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Bronchial artery embolization for hemoptysis: a retrospective observational study of 344 patients.

Shao H, Wu J, Wu Q, Sun X, Li L, Xing Z, Sun H - Chin. Med. J. (2015)

Bottom Line: Several aspects of outcome were analyzed: Demographics, clinical presentation, radiographic studies, results, complications and follow-up of BAE.The complications of BAE are rare.Although the long-term outcome in some patients is not good, BAE may be the only life-saving treatment option in patients who are poor surgical candidates.

View Article: PubMed Central - PubMed

Affiliation: Division of Pulmonary Medicine, Tianjin Haihe Hospital; Tianjin Institute of Respiratory Disease, Tianjin 300350, China.

ABSTRACT

Background: Hemoptysis is a significant clinical entity with high morbidity and potential mortality. Both medical management (in terms of resuscitation and bronchoscopic interventions) and surgery have severe limitations in these patients population. Bronchial artery embolization (BAE) represents the first-line treatment for hemoptysis. This article discusses clinical analysis, embolization approach, outcomes and complications of BAE for the treatment of hemoptysis.

Methods: A retrospective analysis of 344 cases, who underwent bronchial arteriography at Tianjin Haihe Hospital between 2006 and 2013. Several aspects of outcome were analyzed: Demographics, clinical presentation, radiographic studies, results, complications and follow-up of BAE.

Results: Three hundred and forty-four consecutive patients underwent bronchial arteriography, 336 of 344 patients (97.7%) performed BAE; there were 1530 coils for 920 arteries embolized; the main responsible sources for bleeding were right bronchial artery (29.7%), left bronchial artery (21.6%), combined right and left bronchial trunk (18.4%), right intercostal arteries (13.3%); 61 patients (17.7%) had recurrent hemoptysis within 1 month after undergoing BAE, 74 patients (21.5%) had recurrent hemoptysis over 1 month after undergoing BAE; The common complications of BAE included subintimal dissection, arterial perforation by a guide wire, fever, chest pain, dyspnea, etc. The follow-up was completed in 248 patients, 28 patients had been dead, 21 patients still bleed, 92 patients had lost to follow-up.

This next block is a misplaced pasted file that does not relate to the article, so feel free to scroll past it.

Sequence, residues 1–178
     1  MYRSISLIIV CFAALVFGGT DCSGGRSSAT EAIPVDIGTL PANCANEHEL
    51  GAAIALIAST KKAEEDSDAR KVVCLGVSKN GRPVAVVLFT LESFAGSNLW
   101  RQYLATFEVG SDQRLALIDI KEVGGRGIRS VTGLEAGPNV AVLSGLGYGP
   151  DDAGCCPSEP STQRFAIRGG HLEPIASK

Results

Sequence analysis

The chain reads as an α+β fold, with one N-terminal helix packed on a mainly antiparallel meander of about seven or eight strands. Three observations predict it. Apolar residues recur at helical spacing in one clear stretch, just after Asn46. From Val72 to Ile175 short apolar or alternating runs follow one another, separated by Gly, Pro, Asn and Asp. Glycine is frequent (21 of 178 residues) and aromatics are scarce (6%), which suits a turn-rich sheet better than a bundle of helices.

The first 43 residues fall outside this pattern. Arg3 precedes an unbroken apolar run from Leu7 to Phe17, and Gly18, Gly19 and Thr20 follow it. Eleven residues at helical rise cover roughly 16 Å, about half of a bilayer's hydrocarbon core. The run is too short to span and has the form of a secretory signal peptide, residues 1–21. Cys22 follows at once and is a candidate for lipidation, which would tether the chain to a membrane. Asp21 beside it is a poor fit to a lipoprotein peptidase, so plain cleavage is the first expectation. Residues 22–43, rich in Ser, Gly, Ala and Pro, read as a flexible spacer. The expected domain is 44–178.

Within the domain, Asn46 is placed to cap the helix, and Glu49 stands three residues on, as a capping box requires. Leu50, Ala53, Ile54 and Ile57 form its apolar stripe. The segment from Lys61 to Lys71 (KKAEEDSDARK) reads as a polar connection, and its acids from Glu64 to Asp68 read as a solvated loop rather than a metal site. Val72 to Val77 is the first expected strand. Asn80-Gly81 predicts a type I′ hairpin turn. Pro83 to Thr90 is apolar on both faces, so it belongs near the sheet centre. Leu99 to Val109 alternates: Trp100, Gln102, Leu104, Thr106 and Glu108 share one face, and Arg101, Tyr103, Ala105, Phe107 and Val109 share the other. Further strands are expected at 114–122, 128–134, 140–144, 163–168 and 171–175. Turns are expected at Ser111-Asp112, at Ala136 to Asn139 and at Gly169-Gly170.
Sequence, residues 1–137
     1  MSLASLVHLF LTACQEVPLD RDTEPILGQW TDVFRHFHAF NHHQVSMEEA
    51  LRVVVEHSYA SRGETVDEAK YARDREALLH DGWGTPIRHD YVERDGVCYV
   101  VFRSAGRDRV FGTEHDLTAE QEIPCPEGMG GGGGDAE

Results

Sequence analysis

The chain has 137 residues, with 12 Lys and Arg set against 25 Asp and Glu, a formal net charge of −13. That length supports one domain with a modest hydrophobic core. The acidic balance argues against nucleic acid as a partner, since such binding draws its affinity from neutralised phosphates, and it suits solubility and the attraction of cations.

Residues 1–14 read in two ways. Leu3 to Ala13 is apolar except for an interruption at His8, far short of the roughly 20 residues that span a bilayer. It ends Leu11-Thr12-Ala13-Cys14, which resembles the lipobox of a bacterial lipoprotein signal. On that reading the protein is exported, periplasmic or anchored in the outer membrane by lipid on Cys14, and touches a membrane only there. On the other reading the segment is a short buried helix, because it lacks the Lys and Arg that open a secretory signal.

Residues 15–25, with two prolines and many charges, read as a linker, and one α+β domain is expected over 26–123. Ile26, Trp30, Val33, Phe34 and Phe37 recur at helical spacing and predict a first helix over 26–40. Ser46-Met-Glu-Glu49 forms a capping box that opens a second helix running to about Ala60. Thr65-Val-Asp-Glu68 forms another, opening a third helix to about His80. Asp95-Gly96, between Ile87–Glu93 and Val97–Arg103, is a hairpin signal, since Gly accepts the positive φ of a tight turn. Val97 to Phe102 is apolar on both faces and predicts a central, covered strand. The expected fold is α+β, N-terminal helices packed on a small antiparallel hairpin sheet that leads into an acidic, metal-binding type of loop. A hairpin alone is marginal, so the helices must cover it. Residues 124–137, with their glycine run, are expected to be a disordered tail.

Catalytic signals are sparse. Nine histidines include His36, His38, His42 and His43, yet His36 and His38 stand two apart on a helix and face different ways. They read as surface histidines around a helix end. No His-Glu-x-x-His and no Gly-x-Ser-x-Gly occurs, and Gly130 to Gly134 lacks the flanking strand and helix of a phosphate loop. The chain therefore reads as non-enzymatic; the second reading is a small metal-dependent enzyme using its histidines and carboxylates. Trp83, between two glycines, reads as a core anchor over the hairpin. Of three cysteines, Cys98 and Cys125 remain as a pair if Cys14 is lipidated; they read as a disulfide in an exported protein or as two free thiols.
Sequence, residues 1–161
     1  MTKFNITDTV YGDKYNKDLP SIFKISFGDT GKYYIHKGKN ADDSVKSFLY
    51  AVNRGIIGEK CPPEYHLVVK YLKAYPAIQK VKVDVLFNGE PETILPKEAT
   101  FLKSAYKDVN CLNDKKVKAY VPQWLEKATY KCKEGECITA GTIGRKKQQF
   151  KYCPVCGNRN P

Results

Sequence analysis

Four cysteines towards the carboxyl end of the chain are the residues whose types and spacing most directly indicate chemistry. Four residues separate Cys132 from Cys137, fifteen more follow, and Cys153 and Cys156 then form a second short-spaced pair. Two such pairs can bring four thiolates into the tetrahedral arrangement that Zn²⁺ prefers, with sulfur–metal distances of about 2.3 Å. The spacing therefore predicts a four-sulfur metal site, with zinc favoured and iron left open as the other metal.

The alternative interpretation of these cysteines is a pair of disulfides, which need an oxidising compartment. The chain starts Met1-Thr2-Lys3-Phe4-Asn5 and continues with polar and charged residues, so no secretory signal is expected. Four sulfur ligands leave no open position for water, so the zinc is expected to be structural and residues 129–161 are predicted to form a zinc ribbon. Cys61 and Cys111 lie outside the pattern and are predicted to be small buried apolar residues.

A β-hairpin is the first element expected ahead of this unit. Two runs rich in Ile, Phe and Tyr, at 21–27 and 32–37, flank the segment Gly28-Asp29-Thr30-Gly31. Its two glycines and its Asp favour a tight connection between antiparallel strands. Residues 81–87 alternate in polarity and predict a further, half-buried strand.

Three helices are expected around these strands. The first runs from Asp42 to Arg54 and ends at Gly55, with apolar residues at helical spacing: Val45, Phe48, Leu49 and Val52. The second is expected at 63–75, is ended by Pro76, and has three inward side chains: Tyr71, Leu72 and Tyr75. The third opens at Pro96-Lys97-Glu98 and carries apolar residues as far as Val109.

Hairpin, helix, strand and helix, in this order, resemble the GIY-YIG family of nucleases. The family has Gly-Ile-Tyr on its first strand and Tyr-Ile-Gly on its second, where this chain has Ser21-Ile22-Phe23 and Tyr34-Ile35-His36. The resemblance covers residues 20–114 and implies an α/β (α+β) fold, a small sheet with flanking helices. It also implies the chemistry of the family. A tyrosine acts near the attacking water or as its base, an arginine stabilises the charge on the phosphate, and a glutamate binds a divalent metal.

Conclusions: The technique of BAE is a relatively safe and effective method for controlling hemoptysis . The complications of BAE are rare. Although the long-term outcome in some patients is not good, BAE may be the only life-saving treatment option in patients who are poor surgical candidates.

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The ratio of responsible bronchial arteries.
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Figure 1: The ratio of responsible bronchial arteries.

Mentions: Bronchial arteriography was performed in all patients. All available bronchial arteriograms (which were performed in 344 patients) were reviewed. The findings of angiography suggested that few direct sign found during arteriography, most of the indirect appearances that support a site of bleeding include tortuosity, hypertrophy, hypervascularity, aneurysms, extravasation, and bronchial artery to pulmonary artery or vein shunting. In 131 patients (38.1%), only left-side bronchial arteries were abnormal; in 69 patients, only right-side bronchial arteries were abnormal; in the other 144 patients, bilateral bronchial arteries were abnormal. As the statistics, 944 responsible bronchial arteries involves in according to the angiography: 275 right bronchial arteries; 200 left bronchial arteries; 170 combined right and left bronchial trunk; 123 right intercostal arteries; other 176 arteries [Figure 1]. We analyzed the responsible arteries for tuberculosis, bronchiectasis, bronchogenic carcinomas and undefined reasons as follow [Table 1]. A spinal artery was identified in three patients, one spinal artery originated from the left bronchial artery, one from the right intercostal artery, and one from the right subclavian artery.